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Research and development and technology transfer

One of the most critical aspects of the overall value of research relates to the transfer of results to practitioners. Kingsley et al. (1996) discuss the processes of technology transfer and technology absorption based on a set of 31 case studies of research development and demonstration (RD&D) projects. They define technology transfer as the use of technology or technical information outputs by a party external to a project. Technology absorption is described as the use of output by contractors, sub-contractors, or co-sponsors participating in an RD&D project.

Branscomb (1992a) indicates that technology is the single most important factor driving the evolution of global competition and that over the last 40 years government policies have focused on increasing the supply of new technologies primarily through the funding of defense-related research and development. He indicates that what is important in the global economy is not necessarily the creation of new technologies but the ability to absorb and apply new innovations rapidly. To this end, government should stimulate the demand for innovative ideas in industry by encouraging collaborative research, investing in technological infrastructure, and helping organizations improve their capacity to adapt innovations to specific business needs.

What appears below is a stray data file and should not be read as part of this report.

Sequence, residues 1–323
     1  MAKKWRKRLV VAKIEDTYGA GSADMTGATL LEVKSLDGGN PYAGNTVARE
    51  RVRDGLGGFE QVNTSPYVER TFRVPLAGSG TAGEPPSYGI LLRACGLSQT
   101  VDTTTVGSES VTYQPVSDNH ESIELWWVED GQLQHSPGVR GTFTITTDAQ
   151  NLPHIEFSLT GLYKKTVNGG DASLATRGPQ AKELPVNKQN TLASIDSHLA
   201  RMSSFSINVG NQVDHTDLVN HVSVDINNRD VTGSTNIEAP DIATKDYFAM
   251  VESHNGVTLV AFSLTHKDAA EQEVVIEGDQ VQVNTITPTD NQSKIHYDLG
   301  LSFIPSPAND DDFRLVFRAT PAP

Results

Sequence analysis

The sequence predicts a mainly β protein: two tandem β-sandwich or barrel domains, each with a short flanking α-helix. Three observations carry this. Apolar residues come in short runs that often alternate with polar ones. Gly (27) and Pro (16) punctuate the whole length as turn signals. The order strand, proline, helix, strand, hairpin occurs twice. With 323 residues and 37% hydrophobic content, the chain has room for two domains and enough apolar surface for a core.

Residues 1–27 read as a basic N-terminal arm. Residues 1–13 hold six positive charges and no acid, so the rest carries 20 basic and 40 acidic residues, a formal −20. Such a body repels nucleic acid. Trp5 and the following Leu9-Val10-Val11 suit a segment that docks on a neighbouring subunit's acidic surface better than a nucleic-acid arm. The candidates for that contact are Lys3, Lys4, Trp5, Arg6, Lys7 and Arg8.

Bozeman and Coker (1992) discuss assessments of the effectiveness of technology transfer from US Government R&D laboratories. Three success criteria are discussed, two of which are based on self evaluations. The self-evaluations focus on two different types of effectiveness- getting technology out the door, and having a demonstrable commercial impact. The third criteria discussed is the number of technology licenses issued from the laboratory. The authors conclude that multi-faceted, multi-mission labs are likely to be most successful in technology transfer.

Kahin (1994) discusses new opportunities for managing and communicating scientific and technical information arising from the advance of computer and network technologies. He indicates that there are however, substantial costs and risks associated with the development of effective knowledge management systems and that it is difficult to organize potential users for cost-recovery. Inter-institutional cooperation and standards development are suggested and a proposal for an organization that would support cooperative efforts in specialized areas is described.